• Enriched processes merged back to a protein based on Uniprot Accession IDs
  • Protein abundances are values in heatmap
  • merged-test-table

These heatmaps show how the protein abundances change over time for proteins whose Uniprot accession codes are associated with enriched BPs represented by parent terms which were given by DAVID during enrichment analysis.

I also included the heatmaps clustered by time below the first pair of plots.

The patterns of abundance seem to be very similar between the two silos, but silo 3 tends to have higher abundances than silo 9 except with platelet degranulation.




The days are clustered in the plots below. If we look only until the second node, we see  three main groups for Silo 3:

  1. Day 13
  2. Days 7, 5, 11, 9 
  3. Days 15, 0, 3

and two main groups for Silo 9:

  1. Days 0, 3, 9   
  2. Days 15, 13, 11, 7, 5

Based on this, we can see that protein abundance patterns are different between the silos, but we knew this already since these proteins were selected based on differential clustering before. The new information we can see is how the processes the proteins are linked to shift based on time.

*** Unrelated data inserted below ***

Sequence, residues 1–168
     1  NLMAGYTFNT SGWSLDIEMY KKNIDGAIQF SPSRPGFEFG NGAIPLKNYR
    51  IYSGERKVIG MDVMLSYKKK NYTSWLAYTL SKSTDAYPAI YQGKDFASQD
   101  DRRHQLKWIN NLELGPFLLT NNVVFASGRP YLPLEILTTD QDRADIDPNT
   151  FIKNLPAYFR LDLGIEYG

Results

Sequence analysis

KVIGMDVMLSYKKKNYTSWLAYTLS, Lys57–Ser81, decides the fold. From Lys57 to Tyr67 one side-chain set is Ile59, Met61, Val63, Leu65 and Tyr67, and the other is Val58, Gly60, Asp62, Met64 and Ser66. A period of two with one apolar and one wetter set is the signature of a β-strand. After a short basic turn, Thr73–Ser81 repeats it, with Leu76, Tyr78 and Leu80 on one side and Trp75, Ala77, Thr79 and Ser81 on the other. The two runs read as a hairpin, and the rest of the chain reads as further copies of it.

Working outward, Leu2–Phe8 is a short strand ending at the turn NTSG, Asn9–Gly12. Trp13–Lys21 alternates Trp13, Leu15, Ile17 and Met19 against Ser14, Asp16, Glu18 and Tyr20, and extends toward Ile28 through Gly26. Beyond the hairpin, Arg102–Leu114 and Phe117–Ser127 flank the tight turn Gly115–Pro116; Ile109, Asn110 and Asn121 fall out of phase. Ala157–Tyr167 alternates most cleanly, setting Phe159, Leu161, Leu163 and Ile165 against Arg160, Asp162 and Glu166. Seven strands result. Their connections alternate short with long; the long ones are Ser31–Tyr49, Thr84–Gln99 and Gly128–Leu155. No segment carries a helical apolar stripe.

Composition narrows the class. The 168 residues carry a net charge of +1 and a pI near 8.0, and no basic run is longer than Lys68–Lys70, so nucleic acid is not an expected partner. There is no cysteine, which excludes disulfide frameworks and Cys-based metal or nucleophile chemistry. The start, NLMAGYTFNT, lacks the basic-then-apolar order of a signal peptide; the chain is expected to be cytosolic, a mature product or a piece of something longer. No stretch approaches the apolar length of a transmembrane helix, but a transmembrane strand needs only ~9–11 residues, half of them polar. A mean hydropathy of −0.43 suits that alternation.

This was done with the BP-FAT file because it had the fewest enriched processes and would be the easiest to work with and view as a test attempt. Here is the code I made.

Laura’s Notebook: Denovo Oly gonad transcriptome assembly (attempt 1)

Today I got comfortable using the Mox (Hyak) supercomputer, created my directories, and queued a transcriptome assembly using Trinity.

For details, please see my notebook:

from The Shell Game